By Shannon Kelleher and Carey Gillam
Chemical conglomerate 3M is working to settle claims that it is liable for knowingly contaminating the environment with toxic chemicals for decades, delaying what would have been a closely watched bellwether trial in South Carolina.
The trial that had been set to start Monday morning was expected to spotlight long-held secret documents regarding 3M’s knowledge about the dangers of its per- and polyfluoroalkyl substances (PFAS) and how it worked with DuPont to conceal risks of PFAS from the public.
On Friday, DuPont and two related companies that also were named as defendants in the litigation said they would pay close to $1.2 billion to settle liability claims brought by public water systems serving the vast majority of the US population.
Bloomberg reported Friday that 3M was considering a $10 billion settlement.
The plaintiff in the bellwether case is the small city of Stuart, Florida, which accused 3M, Dupont and several other companies of contamination its drinking water with two types of PFAS called PFOS and PFOA that were used in “aqueous film-forming foams” (AFFF) the local fire department had used in training exercises.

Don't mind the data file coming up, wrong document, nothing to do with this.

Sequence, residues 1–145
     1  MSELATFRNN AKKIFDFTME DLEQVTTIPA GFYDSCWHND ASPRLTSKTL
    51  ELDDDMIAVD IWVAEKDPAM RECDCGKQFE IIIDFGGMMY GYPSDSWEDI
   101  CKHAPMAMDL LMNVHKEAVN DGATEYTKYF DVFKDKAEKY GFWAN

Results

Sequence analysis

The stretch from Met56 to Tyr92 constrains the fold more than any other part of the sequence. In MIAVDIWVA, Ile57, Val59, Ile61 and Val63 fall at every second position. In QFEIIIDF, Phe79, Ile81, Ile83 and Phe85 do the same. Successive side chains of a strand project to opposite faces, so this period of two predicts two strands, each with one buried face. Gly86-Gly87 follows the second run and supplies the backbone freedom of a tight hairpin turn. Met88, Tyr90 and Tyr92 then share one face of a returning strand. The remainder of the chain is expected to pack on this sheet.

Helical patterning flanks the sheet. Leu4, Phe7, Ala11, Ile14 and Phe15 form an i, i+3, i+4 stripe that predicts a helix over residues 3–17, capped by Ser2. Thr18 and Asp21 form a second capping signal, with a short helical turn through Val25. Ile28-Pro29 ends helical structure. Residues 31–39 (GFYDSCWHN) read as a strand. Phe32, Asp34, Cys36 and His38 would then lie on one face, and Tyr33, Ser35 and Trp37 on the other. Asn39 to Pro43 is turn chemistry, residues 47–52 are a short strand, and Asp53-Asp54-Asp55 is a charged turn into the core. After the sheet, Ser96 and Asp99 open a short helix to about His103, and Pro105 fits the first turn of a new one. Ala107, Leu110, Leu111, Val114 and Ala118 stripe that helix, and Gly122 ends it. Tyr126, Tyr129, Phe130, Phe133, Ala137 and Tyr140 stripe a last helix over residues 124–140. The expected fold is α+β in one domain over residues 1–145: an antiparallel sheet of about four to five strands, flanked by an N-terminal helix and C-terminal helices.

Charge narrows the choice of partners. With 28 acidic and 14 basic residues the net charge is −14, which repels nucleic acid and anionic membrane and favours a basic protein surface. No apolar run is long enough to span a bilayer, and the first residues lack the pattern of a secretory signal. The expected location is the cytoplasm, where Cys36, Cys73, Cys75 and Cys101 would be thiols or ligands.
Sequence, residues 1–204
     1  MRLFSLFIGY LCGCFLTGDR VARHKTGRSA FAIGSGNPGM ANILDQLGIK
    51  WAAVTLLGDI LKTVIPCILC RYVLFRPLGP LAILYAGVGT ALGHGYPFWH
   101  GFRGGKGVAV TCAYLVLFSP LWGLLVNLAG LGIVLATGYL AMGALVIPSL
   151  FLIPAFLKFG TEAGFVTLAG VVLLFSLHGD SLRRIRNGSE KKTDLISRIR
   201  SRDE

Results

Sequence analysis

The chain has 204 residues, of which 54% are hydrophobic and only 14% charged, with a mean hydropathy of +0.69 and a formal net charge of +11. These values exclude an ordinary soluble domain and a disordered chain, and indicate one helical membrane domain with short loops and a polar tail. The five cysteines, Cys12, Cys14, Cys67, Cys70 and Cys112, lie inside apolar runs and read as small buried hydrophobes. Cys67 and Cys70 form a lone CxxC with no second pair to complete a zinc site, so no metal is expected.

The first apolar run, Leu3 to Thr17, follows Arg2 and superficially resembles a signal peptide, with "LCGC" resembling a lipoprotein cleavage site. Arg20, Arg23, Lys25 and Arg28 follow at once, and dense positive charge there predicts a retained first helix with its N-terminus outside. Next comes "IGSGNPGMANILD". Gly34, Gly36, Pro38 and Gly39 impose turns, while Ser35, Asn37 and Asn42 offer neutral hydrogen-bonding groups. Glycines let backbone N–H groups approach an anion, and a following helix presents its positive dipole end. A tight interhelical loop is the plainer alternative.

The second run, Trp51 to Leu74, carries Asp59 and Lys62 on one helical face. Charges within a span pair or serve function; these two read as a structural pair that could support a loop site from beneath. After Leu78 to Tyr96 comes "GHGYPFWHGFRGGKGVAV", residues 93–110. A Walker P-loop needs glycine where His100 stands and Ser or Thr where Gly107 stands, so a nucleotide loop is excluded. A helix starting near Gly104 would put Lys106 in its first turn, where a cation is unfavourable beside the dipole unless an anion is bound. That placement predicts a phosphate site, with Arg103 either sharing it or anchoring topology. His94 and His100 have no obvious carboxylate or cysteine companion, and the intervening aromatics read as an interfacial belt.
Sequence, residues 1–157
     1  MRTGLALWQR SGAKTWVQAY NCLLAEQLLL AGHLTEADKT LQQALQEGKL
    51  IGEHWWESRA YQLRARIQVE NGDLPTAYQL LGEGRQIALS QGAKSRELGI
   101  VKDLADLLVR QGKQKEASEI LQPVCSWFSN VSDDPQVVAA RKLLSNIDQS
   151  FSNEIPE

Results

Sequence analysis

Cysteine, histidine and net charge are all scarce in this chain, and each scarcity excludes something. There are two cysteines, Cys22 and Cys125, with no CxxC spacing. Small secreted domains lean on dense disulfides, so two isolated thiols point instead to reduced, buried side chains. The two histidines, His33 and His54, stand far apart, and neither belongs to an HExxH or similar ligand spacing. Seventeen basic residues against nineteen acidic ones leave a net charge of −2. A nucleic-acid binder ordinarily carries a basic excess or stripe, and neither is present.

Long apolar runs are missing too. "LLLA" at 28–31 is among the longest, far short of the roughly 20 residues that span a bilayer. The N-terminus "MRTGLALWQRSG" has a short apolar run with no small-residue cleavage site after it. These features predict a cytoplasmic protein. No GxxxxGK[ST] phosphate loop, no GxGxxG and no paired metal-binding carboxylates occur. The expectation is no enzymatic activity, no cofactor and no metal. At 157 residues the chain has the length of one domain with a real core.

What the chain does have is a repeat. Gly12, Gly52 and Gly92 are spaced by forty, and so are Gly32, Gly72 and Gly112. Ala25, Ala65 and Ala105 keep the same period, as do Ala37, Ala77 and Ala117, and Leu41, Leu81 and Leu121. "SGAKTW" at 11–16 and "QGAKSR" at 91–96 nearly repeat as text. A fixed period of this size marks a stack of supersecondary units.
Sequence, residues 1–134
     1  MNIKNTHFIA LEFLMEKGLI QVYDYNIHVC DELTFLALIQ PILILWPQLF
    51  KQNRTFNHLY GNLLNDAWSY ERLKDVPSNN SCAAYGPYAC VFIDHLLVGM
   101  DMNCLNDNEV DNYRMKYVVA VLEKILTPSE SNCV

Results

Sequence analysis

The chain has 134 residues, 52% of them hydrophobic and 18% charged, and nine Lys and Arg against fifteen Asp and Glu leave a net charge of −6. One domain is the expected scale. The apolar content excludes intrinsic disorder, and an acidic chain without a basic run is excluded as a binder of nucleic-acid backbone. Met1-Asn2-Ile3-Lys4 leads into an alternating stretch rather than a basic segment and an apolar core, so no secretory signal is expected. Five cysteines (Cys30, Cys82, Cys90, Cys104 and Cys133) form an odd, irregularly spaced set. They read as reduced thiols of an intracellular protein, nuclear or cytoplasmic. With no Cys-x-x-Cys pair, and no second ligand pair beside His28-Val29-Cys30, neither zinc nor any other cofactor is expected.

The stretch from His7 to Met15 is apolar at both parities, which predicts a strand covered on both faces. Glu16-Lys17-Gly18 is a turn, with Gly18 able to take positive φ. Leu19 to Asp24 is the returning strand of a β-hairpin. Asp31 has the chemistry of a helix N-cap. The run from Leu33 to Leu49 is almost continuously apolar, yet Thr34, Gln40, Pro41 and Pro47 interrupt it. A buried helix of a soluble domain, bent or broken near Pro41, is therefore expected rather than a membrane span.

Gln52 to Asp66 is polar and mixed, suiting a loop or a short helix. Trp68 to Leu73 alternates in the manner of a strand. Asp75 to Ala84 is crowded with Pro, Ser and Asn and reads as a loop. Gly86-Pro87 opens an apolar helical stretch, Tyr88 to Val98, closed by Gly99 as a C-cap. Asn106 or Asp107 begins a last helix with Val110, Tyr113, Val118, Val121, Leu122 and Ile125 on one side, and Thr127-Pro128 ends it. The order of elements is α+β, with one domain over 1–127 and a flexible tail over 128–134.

More than 4,000 other plaintiffs are part of the broader litigation being overseen by the US District Court in Charleston, South Carolina. The multidistrict litigation (MDL) aims to recover the expenses public and private water utilities are incurring to test, monitor and replace water supplies and to install equipment to try to clear the chemicals from tainted systems.
On Sunday, 3M and lawyers representing plaintiffs in the MDL filed a joint motion for a trial continuance, saying “the parties are making material and significant progress toward a resolution…”